COVID-19: Increasing risks of violence in conflict and emergency settings
The current pandemic has exposed and exacerbated many existing inequalities both at national and global levels and has left many of those who were already in vulnerable situations at increased risk, not only of disease but also of other forms of violence and insecurity. For those forcibly displaced by conflict and emergency, and currently living in refugee camps, or in other temporary or makeshift accommodation, their already dangerous and unsanitary living conditions have, in many cases, worsened. They are at increased risk of contracting the disease because of the already unhealthy conditions in which they live, often with little access to adequate washing facilities, health services or medicines. For those who have no “home” and are living in the street, the injunction by many governments to stay at home has no meaning, and they are unable to follow advice to protect their health. In addition, networks of solidarity and support for refugees and displaced people have been severely disrupted by the crisis. Within these populations, the impacts are not evenly spread, as existing intersectional forms of domination and inequality make themselves felt.
For women, and other vulnerable groups such as LGBTQI or transgender people, existing problems of violence may also have been worsened. In emergency settings, research has shown that women are often already those who bear primary responsibility for the day to day survival of their families. In the current epidemic this is made more difficult and may also place them in situations of greater risk of violence. Increasing stress over livelihoods and living conditions can also increase risks of intimate partner violence. Data from around the world has shown an increase in IPV as partners are confined together. In emergency situations where households are under stress these risks are very high. There is also emerging evidence that the use of military and police forces to enforce lockdowns might be placing women and girls at increased risk of sexual and gender-based violence. At the same time, protection services, and health and social support services for victims of GBV have been restricted. The economic impacts of the COVID-19 crisis might also lead to increasing engagement in transactional sex for survival, and to sexual exploitation and abuse.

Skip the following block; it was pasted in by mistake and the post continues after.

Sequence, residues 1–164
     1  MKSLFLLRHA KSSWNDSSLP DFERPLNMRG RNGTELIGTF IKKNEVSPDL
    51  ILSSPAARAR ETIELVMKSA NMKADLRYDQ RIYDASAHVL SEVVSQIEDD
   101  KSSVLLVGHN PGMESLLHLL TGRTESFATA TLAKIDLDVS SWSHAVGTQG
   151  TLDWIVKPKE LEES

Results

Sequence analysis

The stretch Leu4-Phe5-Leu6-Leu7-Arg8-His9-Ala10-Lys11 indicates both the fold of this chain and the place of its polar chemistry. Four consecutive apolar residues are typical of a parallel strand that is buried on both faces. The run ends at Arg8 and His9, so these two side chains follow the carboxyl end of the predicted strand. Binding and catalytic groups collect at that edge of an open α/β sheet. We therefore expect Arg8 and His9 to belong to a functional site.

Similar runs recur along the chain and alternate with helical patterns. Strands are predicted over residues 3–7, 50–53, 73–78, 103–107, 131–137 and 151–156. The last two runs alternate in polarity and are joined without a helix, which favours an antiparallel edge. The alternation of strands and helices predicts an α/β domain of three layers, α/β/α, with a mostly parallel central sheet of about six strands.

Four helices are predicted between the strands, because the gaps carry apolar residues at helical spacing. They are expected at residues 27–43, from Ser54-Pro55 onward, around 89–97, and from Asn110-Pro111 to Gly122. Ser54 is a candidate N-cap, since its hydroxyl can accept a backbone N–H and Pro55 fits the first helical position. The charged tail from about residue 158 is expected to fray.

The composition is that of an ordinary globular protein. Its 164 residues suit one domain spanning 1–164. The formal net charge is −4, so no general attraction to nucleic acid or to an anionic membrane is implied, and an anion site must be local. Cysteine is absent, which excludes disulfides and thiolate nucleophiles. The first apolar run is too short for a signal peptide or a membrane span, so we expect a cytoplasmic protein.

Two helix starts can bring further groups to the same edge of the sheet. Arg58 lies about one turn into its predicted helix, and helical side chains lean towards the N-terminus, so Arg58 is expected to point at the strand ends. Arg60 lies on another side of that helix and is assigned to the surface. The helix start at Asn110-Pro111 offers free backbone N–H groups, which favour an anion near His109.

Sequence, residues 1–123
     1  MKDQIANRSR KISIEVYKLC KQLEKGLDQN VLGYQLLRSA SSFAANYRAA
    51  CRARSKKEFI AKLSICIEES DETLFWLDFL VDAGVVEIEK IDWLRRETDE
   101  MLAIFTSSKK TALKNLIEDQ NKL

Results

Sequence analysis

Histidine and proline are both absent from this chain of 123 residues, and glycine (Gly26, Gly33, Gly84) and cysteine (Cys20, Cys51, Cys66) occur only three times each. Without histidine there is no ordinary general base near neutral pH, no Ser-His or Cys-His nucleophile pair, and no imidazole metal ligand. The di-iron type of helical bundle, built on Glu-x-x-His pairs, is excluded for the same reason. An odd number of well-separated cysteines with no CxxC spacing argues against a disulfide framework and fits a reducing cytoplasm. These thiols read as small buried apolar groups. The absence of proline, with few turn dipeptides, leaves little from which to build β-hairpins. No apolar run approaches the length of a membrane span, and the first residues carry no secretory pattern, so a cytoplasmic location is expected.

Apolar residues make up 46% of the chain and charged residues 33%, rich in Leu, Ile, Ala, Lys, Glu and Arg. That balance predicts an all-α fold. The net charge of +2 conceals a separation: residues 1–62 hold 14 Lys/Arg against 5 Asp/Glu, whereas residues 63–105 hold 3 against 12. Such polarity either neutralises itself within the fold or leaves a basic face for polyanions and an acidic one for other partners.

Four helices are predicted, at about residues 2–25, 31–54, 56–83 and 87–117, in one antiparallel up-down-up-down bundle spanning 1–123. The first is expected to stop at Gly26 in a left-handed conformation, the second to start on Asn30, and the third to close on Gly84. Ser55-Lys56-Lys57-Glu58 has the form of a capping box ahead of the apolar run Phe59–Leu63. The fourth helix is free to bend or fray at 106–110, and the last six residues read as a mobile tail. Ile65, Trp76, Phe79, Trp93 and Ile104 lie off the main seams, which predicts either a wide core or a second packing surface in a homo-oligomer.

As health services focus on COVID-19, this may also lead to further restrictions and gaps in sexual and reproductive health services, often in contexts where these are already lacking. Women may have even greater difficulties accessing contraception and safe abortion services, and financial resources which may have been used for the provision of these may be diverted to COVID-19 response in the short and longer terms.
The various types of risk and insecurity which are produced or exacerbated by the COVID-19 pandemic and the responses to it must be acknowledged and explored so that responses can take into account the very real risks posed not just by the virus but by its socio-economic and cultural impacts on different members of the population.
*Jane Freedman is a Professor at the Université Paris 8